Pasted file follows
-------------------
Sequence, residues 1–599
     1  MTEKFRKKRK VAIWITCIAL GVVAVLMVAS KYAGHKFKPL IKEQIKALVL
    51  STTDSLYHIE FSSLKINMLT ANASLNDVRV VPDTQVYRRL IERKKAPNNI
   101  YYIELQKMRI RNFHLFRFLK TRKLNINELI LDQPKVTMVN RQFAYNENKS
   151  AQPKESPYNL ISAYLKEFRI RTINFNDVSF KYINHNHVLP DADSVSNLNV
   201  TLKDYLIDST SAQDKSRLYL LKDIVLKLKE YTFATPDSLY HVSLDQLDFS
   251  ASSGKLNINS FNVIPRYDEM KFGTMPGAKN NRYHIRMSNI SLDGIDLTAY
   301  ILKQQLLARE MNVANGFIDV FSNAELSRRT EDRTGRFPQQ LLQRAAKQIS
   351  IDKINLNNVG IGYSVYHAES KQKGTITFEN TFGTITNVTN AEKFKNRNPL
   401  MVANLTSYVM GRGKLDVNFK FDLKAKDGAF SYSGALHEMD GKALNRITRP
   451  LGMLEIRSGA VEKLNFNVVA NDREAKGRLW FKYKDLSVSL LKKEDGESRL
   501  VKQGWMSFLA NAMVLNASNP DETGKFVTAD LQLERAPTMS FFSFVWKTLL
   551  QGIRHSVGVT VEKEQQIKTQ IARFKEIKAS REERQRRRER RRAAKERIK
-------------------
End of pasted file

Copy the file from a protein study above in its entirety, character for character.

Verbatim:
Sequence, residues 1–599
     1  MTEKFRKKRK VAIWITCIAL GVVAVLMVAS KYAGHKFKPL IKEQIKALVL
    51  STTDSLYHIE FSSLKINMLT ANASLNDVRV VPDTQVYRRL IERKKAPNNI
   101  YYIELQKMRI RNFHLFRFLK TRKLNINELI LDQPKVTMVN RQFAYNENKS
   151  AQPKESPYNL ISAYLKEFRI RTINFNDVSF KYINHNHVLP DADSVSNLNV
   201  TLKDYLIDST SAQDKSRLYL LKDIVLKLKE YTFATPDSLY HVSLDQLDFS
   251  ASSGKLNINS FNVIPRYDEM KFGTMPGAKN NRYHIRMSNI SLDGIDLTAY
   301  ILKQQLLARE MNVANGFIDV FSNAELSRRT EDRTGRFPQQ LLQRAAKQIS
   351  IDKINLNNVG IGYSVYHAES KQKGTITFEN TFGTITNVTN AEKFKNRNPL
   401  MVANLTSYVM GRGKLDVNFK FDLKAKDGAF SYSGALHEMD GKALNRITRP
   451  LGMLEIRSGA VEKLNFNVVA NDREAKGRLW FKYKDLSVSL LKKEDGESRL
   501  VKQGWMSFLA NAMVLNASNP DETGKFVTAD LQLERAPTMS FFSFVWKTLL
   551  QGIRHSVGVT VEKEQQIKTQ IARFKEIKAS REERQRRRER RRAAKERIK